294 F2d 828 De Phillips v. United States

294 F.2d 828

Connie Andrew DE PHILLIPS, Appellant,
UNITED STATES of America, Appellee.

No. 16747.

United States Court of Appeals Ninth Circuit.

September 18, 1961.

Lee H. Cliff, San Francisco, Cal., for appellant.

Laughlin E. Waters, U. S. Atty., Robert John Jensen, Asst. U. S. Atty., Chief, Criminal Division, Thomas R. Sheridan, Asst. U. S. Atty., Los Angeles, Cal., for appellee.

Before POPE, HAMLIN and KOELSCH, Circuit Judges.

POPE, Circuit Judge.

view counter

Appellant was indicted for receiving, concealing and transporting 28.5 grams of heroin in violation of 21 U.S.C.A. § 174. Upon his trial by the court sitting without a jury, he was found guilty, and sentenced to a term of imprisonment. Upon this appeal his contentions relate solely to the admission in evidence of a quantity of heroin taken from his person by certain state narcotics officers which appellant asserts was illegally obtained by them following an illegal entry into appellant's dwelling and in the course of an unlawful arrest.


Upon motion to suppress this evidence, made before trial and heard by the Honorable Peirson Hall, Chief Judge of the above named court, testimony was taken and the motion denied, the court reciting: "I therefore hold that the arrest was legal, and that the search was valid and deny the motion."


At the trial, before the Honorable William M. Byrne, District Judge, evidence concerning the circumstances under which the heroin was taken from the person of appellant was taken and received from both prosecution and defense. In some respects this differed from that received on the motion to dismiss. In general appellant's counsel was contending, in objecting to receipt of the exhibit containing the heroin, that the information on which the state officers were acting in making the arrest was not shown to be such as to warrant reliance thereon, — hence that the arrest was an illegal one.


Without stating any reason for its ruling, and without the court making any reference or allusion to the earlier motion to suppress, or even indicating that the trial judge had it in mind,1 the court overruled the objection made to the exhibit, and denied a motion to strike the evidence.


Appellant argues here, first, that the evidence below was such as to compel a ruling that the evidence in question was obtained illegally, and in violation of appellant's constitutional rights. We think that point is without merit. Second, appellant contends that in any event it does not appear from the record here whether, in admitting the evidence, the trial court was relying upon the so-called "silver platter doctrine" which the Supreme Court later held invalid in Elkins v. United States, 364 U.S. 206, 80 S.Ct. 1437, 4 L.Ed.2d 1669.2 For this reason, it is argued, the case should at least be remanded for determination of the lawfulness of the conduct of the state officers under basic principles governing the validity of searches and seizures, as was done in Rios v. United States, 364 U.S. 253, 80 S.Ct. 1431, 4 L.Ed.2d 1688.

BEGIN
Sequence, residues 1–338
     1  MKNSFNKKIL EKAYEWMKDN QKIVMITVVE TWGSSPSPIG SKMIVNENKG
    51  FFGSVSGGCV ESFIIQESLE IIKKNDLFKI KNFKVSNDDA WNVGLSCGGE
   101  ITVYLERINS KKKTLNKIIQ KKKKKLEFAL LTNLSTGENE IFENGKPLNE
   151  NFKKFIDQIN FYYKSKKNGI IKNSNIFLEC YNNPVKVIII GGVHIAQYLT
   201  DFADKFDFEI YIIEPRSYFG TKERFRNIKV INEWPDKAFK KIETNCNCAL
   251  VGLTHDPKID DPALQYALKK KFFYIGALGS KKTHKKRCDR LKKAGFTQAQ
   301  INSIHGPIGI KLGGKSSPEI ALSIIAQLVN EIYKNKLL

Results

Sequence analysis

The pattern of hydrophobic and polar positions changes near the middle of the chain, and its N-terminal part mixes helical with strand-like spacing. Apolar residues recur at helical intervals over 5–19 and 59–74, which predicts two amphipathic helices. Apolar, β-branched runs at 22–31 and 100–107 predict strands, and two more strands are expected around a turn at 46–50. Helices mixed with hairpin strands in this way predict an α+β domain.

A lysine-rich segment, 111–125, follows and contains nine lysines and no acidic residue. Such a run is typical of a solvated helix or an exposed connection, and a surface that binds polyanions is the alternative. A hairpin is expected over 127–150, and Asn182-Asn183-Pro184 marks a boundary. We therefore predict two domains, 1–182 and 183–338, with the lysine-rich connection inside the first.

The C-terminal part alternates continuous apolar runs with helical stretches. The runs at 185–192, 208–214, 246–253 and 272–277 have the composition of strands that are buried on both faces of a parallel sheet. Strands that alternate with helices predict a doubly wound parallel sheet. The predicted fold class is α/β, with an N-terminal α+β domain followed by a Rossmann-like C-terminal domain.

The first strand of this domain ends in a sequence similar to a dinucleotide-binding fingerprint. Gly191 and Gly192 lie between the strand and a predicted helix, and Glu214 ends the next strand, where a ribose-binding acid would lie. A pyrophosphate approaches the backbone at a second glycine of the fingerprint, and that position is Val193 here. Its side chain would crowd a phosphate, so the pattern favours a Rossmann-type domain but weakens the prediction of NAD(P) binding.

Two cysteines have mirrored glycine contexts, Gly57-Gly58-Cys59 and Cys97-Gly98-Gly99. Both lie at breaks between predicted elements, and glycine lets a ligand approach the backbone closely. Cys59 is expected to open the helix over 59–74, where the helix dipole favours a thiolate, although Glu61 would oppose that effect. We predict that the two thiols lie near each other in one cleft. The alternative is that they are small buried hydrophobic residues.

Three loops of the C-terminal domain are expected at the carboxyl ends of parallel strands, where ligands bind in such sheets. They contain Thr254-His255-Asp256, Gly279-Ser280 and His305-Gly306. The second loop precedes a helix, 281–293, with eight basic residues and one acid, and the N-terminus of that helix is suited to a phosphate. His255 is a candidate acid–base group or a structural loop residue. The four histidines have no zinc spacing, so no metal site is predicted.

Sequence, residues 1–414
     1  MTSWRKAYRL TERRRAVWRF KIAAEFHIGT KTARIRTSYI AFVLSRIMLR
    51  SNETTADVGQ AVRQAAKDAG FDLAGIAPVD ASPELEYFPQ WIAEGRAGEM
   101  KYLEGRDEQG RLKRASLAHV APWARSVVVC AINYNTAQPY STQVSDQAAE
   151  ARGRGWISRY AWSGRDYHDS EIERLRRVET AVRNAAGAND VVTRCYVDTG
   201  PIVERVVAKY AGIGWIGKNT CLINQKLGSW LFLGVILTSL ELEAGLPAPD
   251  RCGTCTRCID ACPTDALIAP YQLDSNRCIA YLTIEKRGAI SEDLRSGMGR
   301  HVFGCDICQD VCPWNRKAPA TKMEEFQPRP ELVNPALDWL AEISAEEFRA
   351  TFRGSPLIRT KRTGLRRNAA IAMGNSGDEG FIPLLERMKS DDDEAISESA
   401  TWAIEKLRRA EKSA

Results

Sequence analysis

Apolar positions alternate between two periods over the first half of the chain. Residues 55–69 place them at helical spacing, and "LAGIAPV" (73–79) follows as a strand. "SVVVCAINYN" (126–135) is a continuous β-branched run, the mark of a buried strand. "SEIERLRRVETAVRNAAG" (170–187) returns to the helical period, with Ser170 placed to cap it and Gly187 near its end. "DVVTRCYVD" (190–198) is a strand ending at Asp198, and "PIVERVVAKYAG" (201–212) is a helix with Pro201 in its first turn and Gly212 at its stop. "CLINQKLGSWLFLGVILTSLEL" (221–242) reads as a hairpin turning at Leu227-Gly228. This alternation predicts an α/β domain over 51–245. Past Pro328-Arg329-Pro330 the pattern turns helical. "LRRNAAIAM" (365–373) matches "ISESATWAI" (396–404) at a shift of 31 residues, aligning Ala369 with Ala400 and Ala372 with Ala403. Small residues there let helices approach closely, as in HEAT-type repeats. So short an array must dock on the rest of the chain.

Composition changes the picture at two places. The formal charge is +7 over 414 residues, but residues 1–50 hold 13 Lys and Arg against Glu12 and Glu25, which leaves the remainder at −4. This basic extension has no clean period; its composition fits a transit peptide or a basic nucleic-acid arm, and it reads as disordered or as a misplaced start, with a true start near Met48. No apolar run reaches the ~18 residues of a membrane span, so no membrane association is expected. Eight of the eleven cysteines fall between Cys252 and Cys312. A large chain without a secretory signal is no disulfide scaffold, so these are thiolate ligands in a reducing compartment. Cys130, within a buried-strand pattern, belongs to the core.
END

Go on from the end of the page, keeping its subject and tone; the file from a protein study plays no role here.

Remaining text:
On behalf of the Government it is asserted that the evidence clearly proved the lawfulness of the arrest and seizure; also, that while Judge Byrne could correctly receive and consider the evidence offered at the trial respecting the circumstances of the arrest and seizure, yet since it appears that the evidence at the trial did not, in any substantial particular, vary from that received before Judge Hall on the prior motion, it must be taken that Judge Byrne's ruling was not based on any ground different than that of Judge Hall; and, as noted, Judge Hall's ruling was based solely on his finding that the arrest was a lawful one.


In support of this argument the Government cites United States v. Wheeler, 3 Cir., 256 F.2d 745, which is based upon the rule that judges of coordinate jurisdiction sitting in the same court and in the same case should not overrule the decisions of each other.

view counter

We must concede that the Government's argument is not without some logical persuasiveness. Yet in this criminal case, where we are charged with care to see to it that the accused is given every opportunity for protection of his Constitutional rights, we think we must consider it possible that Judge Byrne may have found the new evidence sufficient to warrant a ruling differing from that of Judge Hall and may nevertheless have based his ruling upon the then accepted "silver platter doctrine" which, as the Elkins and Rios cases show, was then being recognized by this court. We therefore conclude that fairness requires that the record here disclose the precise reasons for that ruling. In this respect we have a situation comparable to that in Loftus v. People of State of Illinois, 334 U.S. 804, 68 S.Ct. 1212, 92 L.Ed. 1737. See Dixon v. Duffy, 342 U.S. 33, 72 S.Ct. 10, 96 L.Ed. 46. The appeal is continued for the purpose of permitting the trial court to make known by certificate the grounds for its ruling admitting the exhibit referred to, and its denial of the motion to strike the evidence.


That court is asked to certify whether its rulings in this respect were based upon the so-called "silver platter" rule, or were based upon the court's finding that the circumstances of the arrest were such as to make the arrest a valid one. To the extent necessary to permit such certification the case is remanded to the district court. Upon receipt of such certificate the cause on appeal shall be deemed submitted for final decision here.



At the trial questions were asked of witnesses as to testimony given at the hearing on the motion to dismiss. There was no reference to the outcome of that motion


The case was tried October 9, 1959. The Elkins decision was rendered June 27, 1960